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NOAA/AP
This image from NOAA shows Category 2
Hurricane
Ike in the Gulf of Mexico
Wednesday Sept. 10,
2008.

Houston Evacuates Ahead of Hurricane Ike

September 11, 2008 02:06 PM
by Josh Katz
Tens of thousands of people are evacuating their homes on the Texas coast in preparation for Hurricane Ike, a potential Category 4 storm.
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Hurricane Ike is heading toward Texas and it is expected to make landfall between Houston and Corpus Christi late Friday or early Saturday. Thousands have evacuated to more inland locations.

Authorities ordered tens of thousands of people in low-lying areas of Harris County, where Houston is located, to evacuate. They also issued evacuation orders to residents in other Texas counties. The authorities are trying to minimize the traffic that occurred before Hurricane Rita hit three years earlier by asking “people who don’t live in eight specific zip codes in the low-lying areas and near Galveston Bay to remain at home,” according to the Associated Press.

President George W. Bush issued a state of emergency for Texas
. Gov. Rick Perry has declared a disaster and activated 7,500 National Guard troops, according to The New York Times.

Some forecasters say the storm could gain strength to become a Category 4 hurricane with winds over 130 mph, potentially causing a storm surge of up to 18 feet.

“In Houston, gleaming skyscrapers, the nation’s biggest refinery and NASA’s Johnson Space Center lie in areas that could be vulnerable to wind and floodwaters if Ike crashes ashore as a major hurricane,” the AP reports. One-fourth of the U.S. oil refining industry is located in Texas, comprising 26 refineries; most of them are located near the Gulf Coast.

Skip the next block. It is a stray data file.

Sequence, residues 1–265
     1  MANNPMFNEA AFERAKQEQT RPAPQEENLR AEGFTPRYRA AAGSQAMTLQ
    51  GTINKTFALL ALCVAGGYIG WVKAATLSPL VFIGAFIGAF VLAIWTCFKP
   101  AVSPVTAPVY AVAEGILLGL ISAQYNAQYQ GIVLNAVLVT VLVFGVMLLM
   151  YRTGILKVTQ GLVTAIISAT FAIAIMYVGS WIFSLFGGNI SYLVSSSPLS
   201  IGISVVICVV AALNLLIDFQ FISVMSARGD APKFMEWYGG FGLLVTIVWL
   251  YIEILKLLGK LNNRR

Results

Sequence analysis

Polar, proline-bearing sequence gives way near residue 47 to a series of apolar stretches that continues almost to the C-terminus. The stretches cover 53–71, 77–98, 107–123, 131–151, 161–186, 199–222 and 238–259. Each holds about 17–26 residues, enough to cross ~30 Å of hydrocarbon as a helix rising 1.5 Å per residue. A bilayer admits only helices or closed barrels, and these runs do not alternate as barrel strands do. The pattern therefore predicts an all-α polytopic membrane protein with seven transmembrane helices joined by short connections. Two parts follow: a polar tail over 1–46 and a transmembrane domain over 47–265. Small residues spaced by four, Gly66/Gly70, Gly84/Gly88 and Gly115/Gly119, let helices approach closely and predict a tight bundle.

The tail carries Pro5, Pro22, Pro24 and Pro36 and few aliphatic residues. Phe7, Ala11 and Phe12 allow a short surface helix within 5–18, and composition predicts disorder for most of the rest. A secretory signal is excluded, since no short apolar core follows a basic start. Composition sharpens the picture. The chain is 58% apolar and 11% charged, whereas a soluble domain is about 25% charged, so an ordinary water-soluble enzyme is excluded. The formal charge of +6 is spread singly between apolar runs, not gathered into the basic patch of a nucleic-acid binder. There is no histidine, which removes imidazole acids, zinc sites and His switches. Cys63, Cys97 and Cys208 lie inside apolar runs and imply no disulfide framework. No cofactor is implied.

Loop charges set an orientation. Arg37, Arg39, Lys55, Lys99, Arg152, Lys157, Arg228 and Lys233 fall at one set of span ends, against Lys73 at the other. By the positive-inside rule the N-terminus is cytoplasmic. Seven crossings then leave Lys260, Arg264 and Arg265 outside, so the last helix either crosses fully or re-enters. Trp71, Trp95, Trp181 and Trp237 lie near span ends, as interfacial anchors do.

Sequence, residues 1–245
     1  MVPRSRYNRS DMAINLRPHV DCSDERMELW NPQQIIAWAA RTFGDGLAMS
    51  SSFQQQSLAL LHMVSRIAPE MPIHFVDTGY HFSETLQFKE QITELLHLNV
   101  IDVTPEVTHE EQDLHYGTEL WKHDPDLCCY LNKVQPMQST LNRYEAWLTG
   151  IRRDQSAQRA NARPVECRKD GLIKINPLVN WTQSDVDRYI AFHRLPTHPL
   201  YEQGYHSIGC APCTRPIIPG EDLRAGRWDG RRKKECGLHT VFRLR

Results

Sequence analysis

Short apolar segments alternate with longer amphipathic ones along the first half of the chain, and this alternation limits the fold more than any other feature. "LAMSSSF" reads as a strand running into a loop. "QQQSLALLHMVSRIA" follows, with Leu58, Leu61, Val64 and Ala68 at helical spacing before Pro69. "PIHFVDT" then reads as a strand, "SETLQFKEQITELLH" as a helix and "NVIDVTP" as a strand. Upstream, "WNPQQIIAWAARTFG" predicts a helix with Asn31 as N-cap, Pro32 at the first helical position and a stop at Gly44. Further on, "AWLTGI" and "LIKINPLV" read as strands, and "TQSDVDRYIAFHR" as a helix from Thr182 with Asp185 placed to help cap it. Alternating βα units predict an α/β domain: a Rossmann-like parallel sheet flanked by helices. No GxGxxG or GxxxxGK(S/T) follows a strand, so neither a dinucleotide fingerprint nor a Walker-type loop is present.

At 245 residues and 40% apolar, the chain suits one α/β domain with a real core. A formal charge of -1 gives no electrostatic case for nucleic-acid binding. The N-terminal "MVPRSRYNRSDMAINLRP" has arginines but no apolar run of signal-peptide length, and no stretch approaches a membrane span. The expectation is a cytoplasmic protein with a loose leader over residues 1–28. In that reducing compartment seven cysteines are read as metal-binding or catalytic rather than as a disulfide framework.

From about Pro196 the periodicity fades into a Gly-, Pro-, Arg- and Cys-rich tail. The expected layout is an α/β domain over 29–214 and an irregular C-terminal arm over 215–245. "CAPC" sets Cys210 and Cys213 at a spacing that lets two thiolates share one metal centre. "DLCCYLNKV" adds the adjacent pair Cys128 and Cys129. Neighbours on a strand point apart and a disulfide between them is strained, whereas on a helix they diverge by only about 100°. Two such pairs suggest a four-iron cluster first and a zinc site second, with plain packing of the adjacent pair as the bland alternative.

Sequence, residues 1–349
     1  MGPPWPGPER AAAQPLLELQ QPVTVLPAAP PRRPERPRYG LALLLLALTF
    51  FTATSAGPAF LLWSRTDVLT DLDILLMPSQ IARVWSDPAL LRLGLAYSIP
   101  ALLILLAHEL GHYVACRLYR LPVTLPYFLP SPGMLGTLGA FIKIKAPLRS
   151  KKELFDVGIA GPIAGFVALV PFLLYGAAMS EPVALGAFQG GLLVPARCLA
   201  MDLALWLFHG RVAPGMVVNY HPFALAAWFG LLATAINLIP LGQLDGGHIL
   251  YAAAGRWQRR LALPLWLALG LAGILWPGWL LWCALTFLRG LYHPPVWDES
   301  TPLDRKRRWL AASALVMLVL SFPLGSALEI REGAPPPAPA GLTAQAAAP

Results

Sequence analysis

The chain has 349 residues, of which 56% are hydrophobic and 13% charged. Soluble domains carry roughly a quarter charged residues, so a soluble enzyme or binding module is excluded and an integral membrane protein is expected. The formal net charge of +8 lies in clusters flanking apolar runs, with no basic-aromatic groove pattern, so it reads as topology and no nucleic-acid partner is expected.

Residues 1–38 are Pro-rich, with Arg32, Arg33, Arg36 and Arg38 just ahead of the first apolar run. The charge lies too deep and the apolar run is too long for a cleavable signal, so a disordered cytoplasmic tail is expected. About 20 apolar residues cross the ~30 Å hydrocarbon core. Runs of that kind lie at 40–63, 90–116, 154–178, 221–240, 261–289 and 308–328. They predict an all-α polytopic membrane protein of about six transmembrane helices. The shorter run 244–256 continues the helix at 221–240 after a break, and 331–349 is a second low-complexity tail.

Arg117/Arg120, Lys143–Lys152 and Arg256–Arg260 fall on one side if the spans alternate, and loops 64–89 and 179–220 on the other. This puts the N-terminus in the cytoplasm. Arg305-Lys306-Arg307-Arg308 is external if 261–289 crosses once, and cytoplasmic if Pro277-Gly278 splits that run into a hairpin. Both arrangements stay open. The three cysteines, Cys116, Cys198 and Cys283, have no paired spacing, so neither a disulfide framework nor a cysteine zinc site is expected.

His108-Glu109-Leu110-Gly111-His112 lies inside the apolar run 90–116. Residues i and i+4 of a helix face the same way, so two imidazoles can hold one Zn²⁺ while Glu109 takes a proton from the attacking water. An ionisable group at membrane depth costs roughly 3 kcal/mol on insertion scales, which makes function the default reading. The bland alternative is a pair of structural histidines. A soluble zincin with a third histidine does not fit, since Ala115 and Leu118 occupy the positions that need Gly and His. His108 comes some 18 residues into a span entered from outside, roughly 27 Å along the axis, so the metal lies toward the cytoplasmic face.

Hurricane Dolly, a Category 2, hit Texas in July of this year. That storm dumped 16 inches of rain on the coast, caused 210,000 homes and businesses to lose power, and resulted in at least $1.2 billion in damage, The Times writes.

In U.S. News & World Report, Robert Roy Britt explains that Texas has historically been the brunt of a number of devastating hurricanes. Florida is the only state to be directly hit by more hurricanes than Texas. He cites many examples from Texas’s past, including a Category 4 hurricane that hit Galveston and killed between 8,000 and 12,000 people in 1900. Storm surge was the reason for most of the deaths, according to Britt.
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